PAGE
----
While rolling and unfolding the tarp, the goal is to keep as little wind from getting underneath the tarp as possible. One of the best ways to achieve this is to keep it as low to the ground as possible. Big waves of air from underneath the cover most commonly overpower ground crews.
If the wind starts to take the tarp away and you have a hold on it that wants to pull you, and you cannot control it, let it go. Do not risk a shoulder separation or any other severe injuries that could occur from aimlessly holding on. If you let go, the wind will quickly escape the wave it had created and deflate the tarp.
Laying Out the Tarp
After the tarp is successfully unfolded and moved into position, it should be quite a short time before the corners and edges of the tarp are anchored down. There are various ways to do this, the most common being with the use of sandbags or tarp pins.
Sandbags are not recommended due to the fact that they break down over time when overly exposed to the sun, causing the sand to fall out of the bottom. Instead, tarp pins are preferred because several of them can be carried in-hand.
This is a great benefit under extremely windy conditions and time sensitive situations. Tarp pins, which can be anchored 12 plus inches into the ground are far safer than just using random field equipment, and far more reliable in the harshest of conditions.
Folding the Tarp
Once the heavy rains and harsh winds have subsided, the ground crew will immediately rush back to the field to unanchor the tarp and begin folding it. This needs to be done quickly so that no more time is wasted and the players can continue.
When ready to fold, stretch out the tarp to rid it of any wrinkles. You'll want to start by folding the tarp in half and continue to fold it systematically until it is ready to roll onto the tarp roller. Note that you should not try to move the cover if a significant amount of water is sitting on top of it.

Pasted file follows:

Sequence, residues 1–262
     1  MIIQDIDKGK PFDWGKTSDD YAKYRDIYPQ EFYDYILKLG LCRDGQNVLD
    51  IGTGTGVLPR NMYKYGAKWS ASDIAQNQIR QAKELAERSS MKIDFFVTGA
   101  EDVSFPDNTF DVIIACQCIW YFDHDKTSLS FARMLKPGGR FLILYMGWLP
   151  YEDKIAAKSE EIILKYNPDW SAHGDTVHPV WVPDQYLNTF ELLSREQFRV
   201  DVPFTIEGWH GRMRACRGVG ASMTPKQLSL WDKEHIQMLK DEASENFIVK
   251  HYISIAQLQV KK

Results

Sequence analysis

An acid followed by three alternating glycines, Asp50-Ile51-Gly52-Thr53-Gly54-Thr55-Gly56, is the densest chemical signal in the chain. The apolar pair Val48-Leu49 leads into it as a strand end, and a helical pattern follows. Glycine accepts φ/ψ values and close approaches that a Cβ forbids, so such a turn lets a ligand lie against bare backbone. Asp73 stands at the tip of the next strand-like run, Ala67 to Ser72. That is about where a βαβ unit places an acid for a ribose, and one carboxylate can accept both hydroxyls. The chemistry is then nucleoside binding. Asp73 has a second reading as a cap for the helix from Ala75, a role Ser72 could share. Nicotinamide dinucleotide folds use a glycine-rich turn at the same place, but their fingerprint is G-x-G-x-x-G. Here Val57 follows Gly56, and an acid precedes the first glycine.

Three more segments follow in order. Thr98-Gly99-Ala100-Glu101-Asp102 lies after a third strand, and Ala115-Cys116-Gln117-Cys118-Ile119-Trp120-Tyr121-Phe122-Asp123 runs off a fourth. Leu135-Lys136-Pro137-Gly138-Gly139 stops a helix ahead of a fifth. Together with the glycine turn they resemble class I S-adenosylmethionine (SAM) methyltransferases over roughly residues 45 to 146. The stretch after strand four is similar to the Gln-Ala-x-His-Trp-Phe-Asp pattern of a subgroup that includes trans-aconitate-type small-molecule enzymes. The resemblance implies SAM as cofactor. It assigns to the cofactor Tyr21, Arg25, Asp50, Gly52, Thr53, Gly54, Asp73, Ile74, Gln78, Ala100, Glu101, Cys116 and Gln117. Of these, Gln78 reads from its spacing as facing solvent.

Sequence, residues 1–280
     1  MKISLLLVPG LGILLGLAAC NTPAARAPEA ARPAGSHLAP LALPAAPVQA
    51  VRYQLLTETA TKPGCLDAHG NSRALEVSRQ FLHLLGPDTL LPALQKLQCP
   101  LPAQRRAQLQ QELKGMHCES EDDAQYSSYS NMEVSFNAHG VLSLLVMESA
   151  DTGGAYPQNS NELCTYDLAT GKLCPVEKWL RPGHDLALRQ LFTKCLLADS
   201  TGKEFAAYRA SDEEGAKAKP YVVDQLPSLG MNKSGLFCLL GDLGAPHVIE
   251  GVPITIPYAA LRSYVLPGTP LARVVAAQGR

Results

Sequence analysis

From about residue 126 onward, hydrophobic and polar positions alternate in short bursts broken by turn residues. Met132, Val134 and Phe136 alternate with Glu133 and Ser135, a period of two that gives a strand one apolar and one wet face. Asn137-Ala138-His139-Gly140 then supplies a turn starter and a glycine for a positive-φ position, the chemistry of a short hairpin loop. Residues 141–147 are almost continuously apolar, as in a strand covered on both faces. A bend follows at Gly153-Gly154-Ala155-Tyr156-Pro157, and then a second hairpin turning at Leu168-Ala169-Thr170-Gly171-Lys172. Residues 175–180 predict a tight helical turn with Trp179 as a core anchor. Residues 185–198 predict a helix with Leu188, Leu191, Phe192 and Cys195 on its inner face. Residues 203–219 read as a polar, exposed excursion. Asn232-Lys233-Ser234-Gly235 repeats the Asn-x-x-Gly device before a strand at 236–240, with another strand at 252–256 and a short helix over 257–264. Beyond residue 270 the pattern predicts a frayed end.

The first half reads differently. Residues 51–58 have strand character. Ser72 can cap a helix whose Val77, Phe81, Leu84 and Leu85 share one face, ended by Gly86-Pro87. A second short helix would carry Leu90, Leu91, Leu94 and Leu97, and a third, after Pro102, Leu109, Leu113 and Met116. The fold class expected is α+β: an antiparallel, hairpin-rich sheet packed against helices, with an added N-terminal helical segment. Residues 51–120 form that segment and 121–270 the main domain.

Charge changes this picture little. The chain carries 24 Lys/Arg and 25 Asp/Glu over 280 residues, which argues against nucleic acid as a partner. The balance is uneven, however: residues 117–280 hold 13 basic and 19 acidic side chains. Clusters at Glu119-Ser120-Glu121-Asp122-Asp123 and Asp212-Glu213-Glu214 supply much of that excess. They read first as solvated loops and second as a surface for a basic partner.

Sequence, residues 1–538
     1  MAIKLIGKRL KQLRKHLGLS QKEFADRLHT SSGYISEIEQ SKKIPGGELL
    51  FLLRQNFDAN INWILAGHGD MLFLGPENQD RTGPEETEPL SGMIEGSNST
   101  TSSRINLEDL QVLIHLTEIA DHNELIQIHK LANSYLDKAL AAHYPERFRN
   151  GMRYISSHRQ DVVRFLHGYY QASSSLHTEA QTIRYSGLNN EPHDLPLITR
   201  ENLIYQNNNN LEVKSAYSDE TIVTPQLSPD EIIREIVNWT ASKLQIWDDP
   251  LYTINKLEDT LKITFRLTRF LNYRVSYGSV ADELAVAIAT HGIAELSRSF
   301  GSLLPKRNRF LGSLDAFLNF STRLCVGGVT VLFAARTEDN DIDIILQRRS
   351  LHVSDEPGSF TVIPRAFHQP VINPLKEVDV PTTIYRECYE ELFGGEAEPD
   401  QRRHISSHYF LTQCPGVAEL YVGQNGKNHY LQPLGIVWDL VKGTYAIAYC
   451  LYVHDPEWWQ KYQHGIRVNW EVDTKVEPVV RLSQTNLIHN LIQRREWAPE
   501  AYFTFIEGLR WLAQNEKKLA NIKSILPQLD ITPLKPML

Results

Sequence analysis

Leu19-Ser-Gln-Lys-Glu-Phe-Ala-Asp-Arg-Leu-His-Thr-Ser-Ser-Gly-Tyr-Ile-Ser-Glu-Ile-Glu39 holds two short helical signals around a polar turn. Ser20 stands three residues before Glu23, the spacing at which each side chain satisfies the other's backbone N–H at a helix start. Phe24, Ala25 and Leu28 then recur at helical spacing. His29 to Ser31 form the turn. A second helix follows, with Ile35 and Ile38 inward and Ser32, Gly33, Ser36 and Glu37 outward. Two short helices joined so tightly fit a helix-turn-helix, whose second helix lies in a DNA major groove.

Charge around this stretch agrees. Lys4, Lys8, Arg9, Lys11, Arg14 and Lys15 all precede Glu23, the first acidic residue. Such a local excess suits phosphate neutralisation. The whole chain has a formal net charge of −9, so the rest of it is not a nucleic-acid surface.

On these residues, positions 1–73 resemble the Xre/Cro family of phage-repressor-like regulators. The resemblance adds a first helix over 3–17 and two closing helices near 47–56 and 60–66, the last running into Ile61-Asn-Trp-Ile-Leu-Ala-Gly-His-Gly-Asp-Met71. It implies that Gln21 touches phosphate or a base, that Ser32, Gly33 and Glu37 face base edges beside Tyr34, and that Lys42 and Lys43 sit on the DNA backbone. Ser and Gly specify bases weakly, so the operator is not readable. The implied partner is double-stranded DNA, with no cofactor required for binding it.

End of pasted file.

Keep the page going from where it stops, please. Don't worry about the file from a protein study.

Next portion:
If the tarp is wet, pumping air into it while pulling the fold-over should rid you of that. Another option could be to use a soft roller to remove the excess water.
Rolling the Tarp Back Up
Once you have folded the tarp as many times as is necessary, and have it fit the tarp roller, roll the tarp roller down the length of the folded tarp to release the air trapped inside it. This will help reduce the drag as you roll the tarp onto the roller.
Lastly, line the tarp roller up with the folded tarp and roll upwards, ensuring that the roll is as straight and tight as possible. Note that the longer the tarp roller, the less you have to fold it.
And the less you fold a field tarp, the less drag you are creating from trapped air in the folds, thus making it easier to roll up in a future time. A tarp cover is also beneficial for keeping the harsh sun from breaking down the material exposed to.
Save Game Time with a Baseball Field Tarp
A field tarp is one of the best tools to ensure that the infield maintains its integrity, usability, and beauty. Though, as you have now learned, it is more complex than it is made out to seem. However the process can still be successful when handled by well-trained professionals. They should also be aware of the many risks and can think fast in the harsh and constantly changing conditions. Regardless of their role, everyone involved in the sport must be educated on how the different systems that make up the game work.